Netflix Is Impacting The Future of Your Tech Career And You Didn’t Even Know It 💡

Mira Patel
9 min readFeb 16, 2021


Living in a world dependent on copious amounts of media and technology, a variety of new tech careers are just sauntering into the limelight, but the light shone upon them is dim; read more to discover how we can inspire future generations capable of taking on the jobs of the future.

Credit Pearson

Belated Beginnings

Entering the foreign territory of my Introduction to Human-Computer Interaction class that I took on a whim during my second year of college enlightened me and evoked novel feelings of enthusiasm, helping me develop a growth mindset for my newly discovered passion. My academia lifestyle suddenly gained more purpose and schooling no longer felt like a blasé, interminable continuance.

Although appreciative for accidentally stumbling upon the class that would determine my future, I speculated why I had to be a “late-bloomer” and why I was never aware of the world of User Experience, User Interface and Interactive Design.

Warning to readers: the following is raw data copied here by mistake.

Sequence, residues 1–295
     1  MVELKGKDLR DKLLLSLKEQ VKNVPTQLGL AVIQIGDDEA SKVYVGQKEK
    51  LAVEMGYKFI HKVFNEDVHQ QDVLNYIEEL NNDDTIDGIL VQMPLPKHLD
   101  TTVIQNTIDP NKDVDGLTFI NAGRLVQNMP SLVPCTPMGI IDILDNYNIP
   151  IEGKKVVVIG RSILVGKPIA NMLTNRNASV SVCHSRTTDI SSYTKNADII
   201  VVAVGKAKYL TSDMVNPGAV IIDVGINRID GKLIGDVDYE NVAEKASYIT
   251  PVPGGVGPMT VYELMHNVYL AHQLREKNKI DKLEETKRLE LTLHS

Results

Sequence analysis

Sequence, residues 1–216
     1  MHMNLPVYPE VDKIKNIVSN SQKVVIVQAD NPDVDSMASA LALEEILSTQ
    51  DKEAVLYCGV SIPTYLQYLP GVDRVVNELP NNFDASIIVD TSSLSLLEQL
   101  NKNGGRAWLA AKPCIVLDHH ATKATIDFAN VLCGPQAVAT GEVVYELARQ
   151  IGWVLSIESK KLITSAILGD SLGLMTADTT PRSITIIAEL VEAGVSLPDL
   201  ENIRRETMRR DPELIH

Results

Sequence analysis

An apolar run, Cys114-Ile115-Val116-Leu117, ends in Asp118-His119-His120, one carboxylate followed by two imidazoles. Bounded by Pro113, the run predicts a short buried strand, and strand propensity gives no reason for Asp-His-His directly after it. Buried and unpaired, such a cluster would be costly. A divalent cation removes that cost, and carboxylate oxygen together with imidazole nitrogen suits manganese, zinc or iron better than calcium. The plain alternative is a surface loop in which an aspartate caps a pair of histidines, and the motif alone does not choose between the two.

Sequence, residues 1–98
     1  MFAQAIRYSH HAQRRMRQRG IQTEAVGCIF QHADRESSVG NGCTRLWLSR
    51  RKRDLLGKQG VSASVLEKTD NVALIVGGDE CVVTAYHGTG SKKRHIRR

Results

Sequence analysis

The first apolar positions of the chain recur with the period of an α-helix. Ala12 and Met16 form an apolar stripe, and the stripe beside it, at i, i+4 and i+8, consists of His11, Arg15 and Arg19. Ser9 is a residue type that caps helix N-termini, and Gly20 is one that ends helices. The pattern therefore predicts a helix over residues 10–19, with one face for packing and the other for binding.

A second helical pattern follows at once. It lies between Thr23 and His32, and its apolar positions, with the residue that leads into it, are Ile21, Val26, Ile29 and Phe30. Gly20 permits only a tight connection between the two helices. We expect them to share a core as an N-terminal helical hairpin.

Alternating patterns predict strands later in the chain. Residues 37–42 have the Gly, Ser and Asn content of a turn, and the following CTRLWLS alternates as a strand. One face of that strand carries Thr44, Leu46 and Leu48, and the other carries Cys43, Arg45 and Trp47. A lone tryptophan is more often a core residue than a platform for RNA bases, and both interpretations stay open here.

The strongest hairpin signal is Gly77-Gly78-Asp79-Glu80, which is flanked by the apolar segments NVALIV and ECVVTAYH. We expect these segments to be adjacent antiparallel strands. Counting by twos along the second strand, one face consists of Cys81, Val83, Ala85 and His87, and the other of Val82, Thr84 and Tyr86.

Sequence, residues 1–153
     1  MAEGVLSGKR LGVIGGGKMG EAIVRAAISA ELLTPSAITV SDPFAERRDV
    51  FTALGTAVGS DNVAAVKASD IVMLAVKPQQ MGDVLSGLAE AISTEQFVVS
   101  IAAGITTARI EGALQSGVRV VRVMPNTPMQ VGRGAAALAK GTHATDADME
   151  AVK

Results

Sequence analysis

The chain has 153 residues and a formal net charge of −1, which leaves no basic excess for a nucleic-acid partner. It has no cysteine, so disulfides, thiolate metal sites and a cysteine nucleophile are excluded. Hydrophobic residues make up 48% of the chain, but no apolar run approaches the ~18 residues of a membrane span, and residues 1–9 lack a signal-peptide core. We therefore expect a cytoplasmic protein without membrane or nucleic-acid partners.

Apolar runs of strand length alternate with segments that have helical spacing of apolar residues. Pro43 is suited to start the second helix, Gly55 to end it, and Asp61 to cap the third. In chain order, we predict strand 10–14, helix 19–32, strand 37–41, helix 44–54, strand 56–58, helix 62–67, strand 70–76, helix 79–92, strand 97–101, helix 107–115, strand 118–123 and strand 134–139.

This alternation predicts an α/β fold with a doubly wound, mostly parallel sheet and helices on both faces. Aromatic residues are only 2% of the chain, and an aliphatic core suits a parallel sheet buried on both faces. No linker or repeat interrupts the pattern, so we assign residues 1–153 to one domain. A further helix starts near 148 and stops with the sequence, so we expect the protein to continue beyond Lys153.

Perhaps I didn’t do enough research or talk to enough people? Was I oblivious?

Two years of amassing enough reasoning that it wasn’t completely my fault brings me here to spread awareness of how the world should be preparing future generations with knowledge about emerging employment positions in design and technology.

Rising Tech Industry: The Facts